Table of Contents
- 1. Sunburn
- 2. Eczema
- 3. Poison Ivy
- 4. Folliculitis
- 5. Heat Rash
- 6. Conclusion
Days are getting longer and hotter and your kids want to be outside. Your children may be at the park, in the swimming pool, or out hiking and walking. As your kids spend more time outdoors, their skin comes into contact with various elements of nature. Here is some advice on how to manage common rashes in kids during summertime and also the rest of the year.
You know that feeling when you’ve been out in the sun just a little too long without reapplying sunscreen. Your skin gets red, sensitive to touch, itchy & sometimes painful depending on how severe the exposure is. Parents, you may feel even worse when your kids are irritated by sunburn and summertime rashes. Sunburn is one of the common rashes in kids, but needs attention and care just as well.
How to protect your kids from sunburn?
- Apply sunscreen (minimum: SPF 30) to all areas of uncovered skin
- Reapply every 80-120 minutes.
- If kids are in & out of the pool (or sweating a lot), use waterproof sunscreen & reapply more frequently.
- Cream-based sunscreens are less bothersome to sensitive skin and safer for younger kids who might inhale droplets from spray sunscreens.
- Mineral-based sunscreens with Zinc Oxide or Titanium Dioxide provide broader (UVA + UVB) coverage; They may not be as irritating as chemical sunscreens.
AAP REMINDER: NO SUNSCREEN ON BABIES UNDER THE AGE OF 6 MOS
How can you prevent sunburn?
- Stay in cool shaded areas: under trees, stroller canopies, or covered patios.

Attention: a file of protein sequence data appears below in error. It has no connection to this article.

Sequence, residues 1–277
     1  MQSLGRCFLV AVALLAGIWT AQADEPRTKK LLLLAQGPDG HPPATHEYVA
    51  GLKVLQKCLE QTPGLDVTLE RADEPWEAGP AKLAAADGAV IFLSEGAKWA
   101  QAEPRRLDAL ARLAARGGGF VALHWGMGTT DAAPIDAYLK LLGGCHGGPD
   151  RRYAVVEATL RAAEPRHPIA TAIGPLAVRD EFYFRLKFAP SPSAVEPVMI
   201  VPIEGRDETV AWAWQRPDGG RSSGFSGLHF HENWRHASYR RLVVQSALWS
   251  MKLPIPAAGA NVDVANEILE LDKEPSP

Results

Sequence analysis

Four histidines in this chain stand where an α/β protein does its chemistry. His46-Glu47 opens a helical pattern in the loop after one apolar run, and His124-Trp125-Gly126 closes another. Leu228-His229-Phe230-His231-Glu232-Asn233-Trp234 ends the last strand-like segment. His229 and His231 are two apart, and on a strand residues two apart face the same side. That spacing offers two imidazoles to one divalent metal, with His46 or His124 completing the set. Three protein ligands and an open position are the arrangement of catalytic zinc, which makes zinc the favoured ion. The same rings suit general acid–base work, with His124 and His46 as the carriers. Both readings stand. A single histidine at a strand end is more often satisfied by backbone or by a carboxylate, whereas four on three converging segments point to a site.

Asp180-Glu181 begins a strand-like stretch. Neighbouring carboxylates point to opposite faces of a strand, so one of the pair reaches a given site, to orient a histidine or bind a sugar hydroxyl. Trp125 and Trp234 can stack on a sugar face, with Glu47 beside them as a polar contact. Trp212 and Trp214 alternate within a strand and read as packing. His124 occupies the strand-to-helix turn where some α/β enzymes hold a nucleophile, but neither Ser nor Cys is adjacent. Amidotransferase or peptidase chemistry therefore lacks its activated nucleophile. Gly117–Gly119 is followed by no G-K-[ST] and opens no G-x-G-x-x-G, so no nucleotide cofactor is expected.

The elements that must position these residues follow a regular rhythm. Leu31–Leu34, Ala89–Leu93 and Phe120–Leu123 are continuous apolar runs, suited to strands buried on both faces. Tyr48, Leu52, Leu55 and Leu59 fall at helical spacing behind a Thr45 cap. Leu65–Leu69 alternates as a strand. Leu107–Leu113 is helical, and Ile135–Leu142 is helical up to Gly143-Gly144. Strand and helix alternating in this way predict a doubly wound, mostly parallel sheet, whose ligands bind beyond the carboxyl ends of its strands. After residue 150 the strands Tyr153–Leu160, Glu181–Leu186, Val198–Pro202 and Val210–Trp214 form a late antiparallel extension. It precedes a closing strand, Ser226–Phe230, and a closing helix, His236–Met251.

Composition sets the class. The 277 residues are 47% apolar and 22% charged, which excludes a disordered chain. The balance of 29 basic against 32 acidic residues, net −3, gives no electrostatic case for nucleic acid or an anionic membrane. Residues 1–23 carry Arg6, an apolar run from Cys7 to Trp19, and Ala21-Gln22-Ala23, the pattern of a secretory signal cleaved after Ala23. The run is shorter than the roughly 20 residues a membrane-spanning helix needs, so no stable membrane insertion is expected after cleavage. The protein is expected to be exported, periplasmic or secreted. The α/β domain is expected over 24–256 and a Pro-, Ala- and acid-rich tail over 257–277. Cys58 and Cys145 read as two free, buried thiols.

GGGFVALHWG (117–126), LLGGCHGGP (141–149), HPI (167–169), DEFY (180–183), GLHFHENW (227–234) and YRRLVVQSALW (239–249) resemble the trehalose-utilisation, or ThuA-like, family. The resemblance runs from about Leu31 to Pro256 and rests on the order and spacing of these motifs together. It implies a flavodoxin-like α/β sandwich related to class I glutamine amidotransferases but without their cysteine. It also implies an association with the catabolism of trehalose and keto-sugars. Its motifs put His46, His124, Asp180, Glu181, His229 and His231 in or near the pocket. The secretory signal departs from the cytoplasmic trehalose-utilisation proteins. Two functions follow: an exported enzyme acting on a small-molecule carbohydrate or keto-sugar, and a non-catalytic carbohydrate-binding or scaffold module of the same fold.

- Avoid direct midday sunlight between the hours of 10 a.m and 4 p.m
- Have babies wear wide-brimmed hats & long sleeve shirts/cool cotton pants to keep their skin covered.
- Keep them well-hydrated. (Babies under six months of age should remain hydrated with breastmilk or formula. They shouldn’t drink water.)
- If they’re fussy or feel hot, take them indoors to cool down.
How to treat sunburns?
- Cool baths or cool compresses, calm the skin.
- Calamine lotion and Aloe vera gel can be soothing.
- If the sunburn is excruciating and begins to blister, or if your child has a fever, call your pediatrician.
This is skin that looks red, rough, dry, and sometimes flaky. It will flare during the cold seasons, especially winter and the heat of the summer. Eczema will often appear in creases of the elbows & knees. Infants might get eczema on their cheeks and face due to the exposure to saliva, dribbles of milk, and constant wiping.
What makes eczema flare?
- Certain foods (especially in infants as they are exposed to new foods)
- Seasonal allergies (Pearl of Knowledge: Allergies, Asthma & Eczema can all be triggered by exposure to allergens. They often occur together)
- Bubble baths/bath bombs can cause the skin to react to dyes and fragrances.
- Chlorine in pools or hot water in hot tubs might affect sensitive skin.
- Synthetic or harsh fabrics directly against the skin can irritate the skin. It’s best to have soothing soft cotton straight next to the skin of children with eczema.
home remedies for eczema?
- Bathe your child every day for no more than 10 min to help skin absorb the moisture it needs.
- Use a hypoallergenic moisturizing soap like Dove to bathe your child.
- Pat dry after a bath and trap moisture in place with hypoallergenic/fragrance-free lotion from face to toes within 2-3 minutes of getting out of the bath.
- Moisturize skin with lotion at the end of the day.
- Use OTC 1% Hydrocortisone to areas of flare twice a day for 7-10 days underneath the lotion to reduce itching & redness.
3. Poison Ivy
You might remind your kids of the saying you heard while growing up, “Leaves of three, let them be.” If only your kids would let them be, right?